MP wants an update on bike safety
As Bike Wise month 2013 continues this month, Dunedin North MP, David Clark is contemplating putting wheels in motion for cycle safety legislation.
An experienced cyclist himself, Clark is investigating a possible Members Bill before Parliament that would attempt to solve New Zealand's poor cycle safety record.
Any law would probably have to focus on changes in town planning as well as education, Clark said.
"I really want to talk to the experts because I actually want to see some real change. I think nationally we need to be having more of a discussion about it."
Clark was already having the conversations, but would not be drawn into a time line.
"People working in the area say punitive measures or threats don't achieve much. Overseas evidence suggests road planning be done in the best possible way.
"In Europe the road planning seems to be a lot better and there are dedicated cycle ways that are much more ubiquitous. So, cars don't come near cyclists. One of the proposals is to put the cycle lanes on the other side of the parking. If you swerve to miss a car door you land on the pavement, not in the way of an oncoming stock truck.
"Some of these ideas won't cost a lot of money. It's about updating our thinking."
Clark said the cycle safety issue came across his desk after Dunedin cyclist Dr Li Hong died while cycling on the state highway through the city late last year. The MP had heard from many who had had near-death experiences, he said.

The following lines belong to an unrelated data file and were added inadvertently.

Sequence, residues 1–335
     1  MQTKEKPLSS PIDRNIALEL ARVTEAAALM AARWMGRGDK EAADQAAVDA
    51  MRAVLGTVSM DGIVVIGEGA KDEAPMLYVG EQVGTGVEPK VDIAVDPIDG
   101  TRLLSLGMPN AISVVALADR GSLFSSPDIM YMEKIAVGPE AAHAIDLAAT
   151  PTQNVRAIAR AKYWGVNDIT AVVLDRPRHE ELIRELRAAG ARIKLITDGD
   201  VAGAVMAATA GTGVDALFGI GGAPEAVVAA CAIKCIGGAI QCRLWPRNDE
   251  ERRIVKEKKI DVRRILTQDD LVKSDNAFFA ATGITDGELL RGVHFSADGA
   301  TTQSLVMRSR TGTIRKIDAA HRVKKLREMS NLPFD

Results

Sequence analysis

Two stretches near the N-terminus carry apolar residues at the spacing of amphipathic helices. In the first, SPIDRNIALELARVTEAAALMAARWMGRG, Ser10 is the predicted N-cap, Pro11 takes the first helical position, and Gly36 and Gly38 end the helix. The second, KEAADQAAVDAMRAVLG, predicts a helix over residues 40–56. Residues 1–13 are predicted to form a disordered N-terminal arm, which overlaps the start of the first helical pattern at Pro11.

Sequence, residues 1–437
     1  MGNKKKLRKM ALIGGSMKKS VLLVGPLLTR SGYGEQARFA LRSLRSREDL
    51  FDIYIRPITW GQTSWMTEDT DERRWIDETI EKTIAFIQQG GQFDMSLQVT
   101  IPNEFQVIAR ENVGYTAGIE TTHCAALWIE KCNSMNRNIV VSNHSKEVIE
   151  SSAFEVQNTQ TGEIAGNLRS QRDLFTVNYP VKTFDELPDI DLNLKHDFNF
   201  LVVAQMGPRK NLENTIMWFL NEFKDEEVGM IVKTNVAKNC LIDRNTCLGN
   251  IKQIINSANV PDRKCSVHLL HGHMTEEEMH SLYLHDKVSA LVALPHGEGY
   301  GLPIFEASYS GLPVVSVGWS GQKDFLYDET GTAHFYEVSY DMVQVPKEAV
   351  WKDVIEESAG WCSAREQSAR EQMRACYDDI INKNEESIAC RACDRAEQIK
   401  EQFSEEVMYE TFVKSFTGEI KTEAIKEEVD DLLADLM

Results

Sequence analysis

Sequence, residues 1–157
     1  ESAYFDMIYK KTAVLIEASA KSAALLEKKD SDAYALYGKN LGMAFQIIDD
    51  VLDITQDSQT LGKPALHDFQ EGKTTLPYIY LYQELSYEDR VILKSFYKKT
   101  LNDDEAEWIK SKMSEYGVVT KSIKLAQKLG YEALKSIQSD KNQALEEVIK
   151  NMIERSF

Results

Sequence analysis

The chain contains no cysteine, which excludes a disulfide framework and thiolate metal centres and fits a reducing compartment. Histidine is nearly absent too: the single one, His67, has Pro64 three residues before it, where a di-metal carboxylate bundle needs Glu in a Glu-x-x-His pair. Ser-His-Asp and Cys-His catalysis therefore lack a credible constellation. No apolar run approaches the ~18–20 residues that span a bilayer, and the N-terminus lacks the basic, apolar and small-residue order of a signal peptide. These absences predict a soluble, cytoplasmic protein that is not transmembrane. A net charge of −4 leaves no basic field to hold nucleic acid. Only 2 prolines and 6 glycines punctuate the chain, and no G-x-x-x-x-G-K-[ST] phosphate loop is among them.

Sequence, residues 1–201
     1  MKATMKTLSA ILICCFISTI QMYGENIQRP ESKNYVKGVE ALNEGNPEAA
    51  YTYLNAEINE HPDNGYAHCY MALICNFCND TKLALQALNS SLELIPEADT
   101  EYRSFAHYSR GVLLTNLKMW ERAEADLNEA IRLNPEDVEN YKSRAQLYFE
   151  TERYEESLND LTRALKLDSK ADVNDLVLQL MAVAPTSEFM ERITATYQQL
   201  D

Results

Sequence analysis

Clark is to meet University of Otago Injury Prevention Research Unit Director Professor Hank Weiss.
Weiss has developed a searchable online map showing where in New Zealand cyclists have been injured as a result of car doors opening.
The map shows the location of 245 such injuries over this period and indicates their seriousness and the direction the cyclist was travelling.
It was hoped the device would help city planners and traffic engineers identify streets and connected routes that had high numbers of injuries resulting from "dooring" type collisions, Weiss said.
About 20 per cent of the 245 incidents cyclists were seriously injured, and two died. Twice as many males as females were reported to have been in a door crash.
Clark said he was pleased the Dunedin City Council had pledged to confront the issue.
An extraordinary meeting of the council in November resolved to demand safety issues for cyclists on the state highway system through Dunedin be addressed by the New Zealand Transport Agency (NZTA).
Mayor Dave Cull said the council was seeking to urgently explore the solutions available to it, with NZTA.
The meeting wanted a list of temporary interventions to improve the safety of cyclists from the NZTA as well as an NZTA plan to improve cyclist and pedestrian safety on state highways.